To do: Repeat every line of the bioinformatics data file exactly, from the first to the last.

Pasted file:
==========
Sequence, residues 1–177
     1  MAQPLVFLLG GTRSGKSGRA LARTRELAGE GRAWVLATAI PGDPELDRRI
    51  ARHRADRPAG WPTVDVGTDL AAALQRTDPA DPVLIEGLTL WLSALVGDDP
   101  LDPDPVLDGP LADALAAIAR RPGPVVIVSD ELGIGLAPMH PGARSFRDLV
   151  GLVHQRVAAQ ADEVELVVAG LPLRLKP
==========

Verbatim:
Sequence, residues 1–177
     1  MAQPLVFLLG GTRSGKSGRA LARTRELAGE GRAWVLATAI PGDPELDRRI
    51  ARHRADRPAG WPTVDVGTDL AAALQRTDPA DPVLIEGLTL WLSALVGDDP
   101  LDPDPVLDGP LADALAAIAR RPGPVVIVSD ELGIGLAPMH PGARSFRDLV
   151  GLVHQRVAAQ ADEVELVVAG LPLRLKP